Where cardio is concerned, comfort is half the battle—and the right running clothes will make your workouts feel so much better. There are a variety of features to look for, like clothing that will keep you well ventilated, dry when it’s wet outside, cool when it’s hot, or warm when it’s cold.
How do you choose? There are pants, shorts, tights, shirts, and more to consider. Read below for a guide to help you choose what to wear when running.
Running Clothes for Women
Everyone has special considerations to make when choosing clothes for running—and for women, a big consideration is the sports bra. Choose one that offers plenty of support to minimize discomfort and limit the movement of supportive tissues within the breasts.
You should also look for running bras that feature sweat-wicking materials since those that don’t wick sweat can cause chafing.
Running Clothes for Men
For men, the big choice to make is between lined and unlined running shorts. Lined shorts feature built-in underwear, and they’re designed to minimize chafing, wick moisture, and provide breathable compression, which can help increase athletic performance.
However, some men may prefer unlined shorts—especially guys with larger thighs who find the liners pinch or feel uncomfortably tight.
Choosing for the Weather
Running no matter the season? You’ll need to change your wardrobe up depending on the weather. Read below for ideas to put together the right outfit.
In Warm Weather
Go for the clothes that keep you coolest. From your shorts to your tank top or t-shirt to your socks—everything should be breathable to keep you cool, and they should feature moisture-wicking fabrics to draw sweat away from your skin.
In Cold Weather
When temperatures dip, it’s time to switch over to leggings or tights, plus a long-sleeved shirt. Depending on how chilly it is outside, you may want to layer. In extremely cold weather, go for a base layer, second layer, and outer layer.
The base should be moisture-wicking material to pull sweat away and keep it from chilling you. The second layer is all about insulation. It should be breathable, but still offer enough insulation to keep warmth in. The outer layer shields you against the elements—biting winds, rain, snow, and so on. Choose a running jacket that is either waterproof or water repellant if you want to keep the outer layer somewhat breathable.
Features to Consider
Running clothes can come with lots of different bells and whistles, all designed to keep you comfortable and safe when you’re out for a run. Because there are so many different features to think about, we’ve created a list to make it easier for you.
- Anti-chafe seams: As the name suggests, these are clothes with seams that are sewn flat, welded together, or placed in areas that won’t rub (like along the outsides of the legs rather than inside). They’re made this way to prevent seams from chafing your skin while you run.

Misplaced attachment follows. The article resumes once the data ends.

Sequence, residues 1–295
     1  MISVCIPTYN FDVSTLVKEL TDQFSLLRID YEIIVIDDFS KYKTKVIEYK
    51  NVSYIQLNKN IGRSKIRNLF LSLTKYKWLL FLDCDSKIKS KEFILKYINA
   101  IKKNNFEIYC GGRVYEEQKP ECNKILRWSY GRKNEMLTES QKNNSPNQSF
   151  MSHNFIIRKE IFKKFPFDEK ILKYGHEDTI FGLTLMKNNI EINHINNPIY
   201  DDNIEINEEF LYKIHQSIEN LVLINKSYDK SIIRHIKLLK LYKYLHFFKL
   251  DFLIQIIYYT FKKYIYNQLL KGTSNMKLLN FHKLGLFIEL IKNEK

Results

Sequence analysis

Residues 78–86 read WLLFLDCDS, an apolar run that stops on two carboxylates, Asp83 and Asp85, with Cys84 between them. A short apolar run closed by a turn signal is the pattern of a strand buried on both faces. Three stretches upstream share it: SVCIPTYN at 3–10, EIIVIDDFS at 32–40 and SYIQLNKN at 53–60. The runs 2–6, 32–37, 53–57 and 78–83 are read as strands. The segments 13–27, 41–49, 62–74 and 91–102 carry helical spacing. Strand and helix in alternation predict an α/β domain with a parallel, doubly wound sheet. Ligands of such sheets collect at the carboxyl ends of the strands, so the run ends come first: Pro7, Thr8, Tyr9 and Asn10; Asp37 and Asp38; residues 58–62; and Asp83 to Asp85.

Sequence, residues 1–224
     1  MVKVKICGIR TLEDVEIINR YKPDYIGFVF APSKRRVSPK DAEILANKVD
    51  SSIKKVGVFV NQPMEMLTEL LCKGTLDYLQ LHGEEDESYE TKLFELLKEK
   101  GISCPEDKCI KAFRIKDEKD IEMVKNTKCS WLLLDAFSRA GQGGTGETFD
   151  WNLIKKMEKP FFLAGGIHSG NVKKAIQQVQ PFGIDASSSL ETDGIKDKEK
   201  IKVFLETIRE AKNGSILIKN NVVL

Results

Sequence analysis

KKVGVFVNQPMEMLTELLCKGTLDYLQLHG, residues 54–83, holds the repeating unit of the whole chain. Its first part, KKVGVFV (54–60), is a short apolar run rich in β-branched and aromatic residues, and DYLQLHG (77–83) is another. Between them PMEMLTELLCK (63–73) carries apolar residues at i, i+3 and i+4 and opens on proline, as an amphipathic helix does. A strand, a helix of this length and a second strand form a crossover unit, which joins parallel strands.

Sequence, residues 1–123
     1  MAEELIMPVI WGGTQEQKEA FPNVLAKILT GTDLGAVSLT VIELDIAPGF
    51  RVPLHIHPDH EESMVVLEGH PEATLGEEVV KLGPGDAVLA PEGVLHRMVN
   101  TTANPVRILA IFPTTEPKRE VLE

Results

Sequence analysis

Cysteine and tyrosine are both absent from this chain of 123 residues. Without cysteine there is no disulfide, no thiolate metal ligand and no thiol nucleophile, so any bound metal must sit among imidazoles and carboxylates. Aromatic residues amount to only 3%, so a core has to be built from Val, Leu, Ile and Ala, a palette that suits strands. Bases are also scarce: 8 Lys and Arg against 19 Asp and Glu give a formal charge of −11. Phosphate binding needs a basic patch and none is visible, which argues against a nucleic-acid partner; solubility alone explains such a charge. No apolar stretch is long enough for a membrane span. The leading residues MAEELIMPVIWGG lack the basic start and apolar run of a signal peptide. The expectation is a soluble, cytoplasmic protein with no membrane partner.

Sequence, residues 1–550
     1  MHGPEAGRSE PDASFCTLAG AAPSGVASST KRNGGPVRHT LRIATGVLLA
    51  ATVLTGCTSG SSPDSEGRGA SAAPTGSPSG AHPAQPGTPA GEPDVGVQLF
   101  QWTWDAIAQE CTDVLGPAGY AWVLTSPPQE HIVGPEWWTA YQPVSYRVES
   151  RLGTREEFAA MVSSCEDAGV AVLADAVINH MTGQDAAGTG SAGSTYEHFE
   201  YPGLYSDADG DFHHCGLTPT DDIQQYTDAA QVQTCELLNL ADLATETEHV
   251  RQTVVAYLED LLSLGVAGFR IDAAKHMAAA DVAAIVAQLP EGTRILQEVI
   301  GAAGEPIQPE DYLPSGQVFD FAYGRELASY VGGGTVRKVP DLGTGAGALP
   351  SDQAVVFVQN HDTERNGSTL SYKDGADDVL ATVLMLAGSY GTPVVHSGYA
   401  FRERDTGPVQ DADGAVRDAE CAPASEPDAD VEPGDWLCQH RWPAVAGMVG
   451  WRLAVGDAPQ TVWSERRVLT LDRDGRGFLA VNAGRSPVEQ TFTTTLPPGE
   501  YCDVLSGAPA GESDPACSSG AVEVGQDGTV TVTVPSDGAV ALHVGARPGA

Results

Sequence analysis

- Compression: Compression clothes—shorts, tights, socks, and shirts—offer a very snug fit that can increase blood flow and enhance performance.
- Inner liner: Running shorts often feature an inner liner. These are designed to wick moisture, prevent chafing, and offer compression.
- Insulated: Insulated clothes designed for running offer extra warmth, but the layers are usually light to keep the weight of the garment low and to make sure it doesn’t interfere with movement.
- Mesh vents: Clothes with mesh vents—usually tops, but sometimes leggings and shorts, too—are designed to be extremely breathable. Mesh panels let air flow over your skin, keeping you cooler and drier
- Moisture-wicking: Moisture-wicking fabric draws sweat away from your skin, which keeps you dry while preventing chafing.
- Pockets: Running clothes didn’t always come with pockets, but they’re becoming more popular. Pockets are a good choice if you need a place to put your phone, credit card, or other small essentials.
- Quick-dry: These are fabrics made to dry quickly, which is a great feature when you’re really sweating or when you’re running in the rain.
- Reflective: Reflective clothing is a must-have any time between the hours of dusk and dawn. It’ll make you more visible to drivers. For hikers or people running in secluded areas, reflective clothes can also make you more visible should you be injured or need assistance in an area where it might be tough for searchers to spot you.
- Thumbholes: When shopping for long-sleeved shirts and outerwear, thumbholes can prove useful. Put your thumb through them to keep sleeves from riding up. Clothes with thumb holes can also keep your hands warmer, eliminating the need for gloves.
As you can see, there’s a lot to consider when you’re choosing running clothes. Use this as your guide to choose pieces that will keep you comfortable.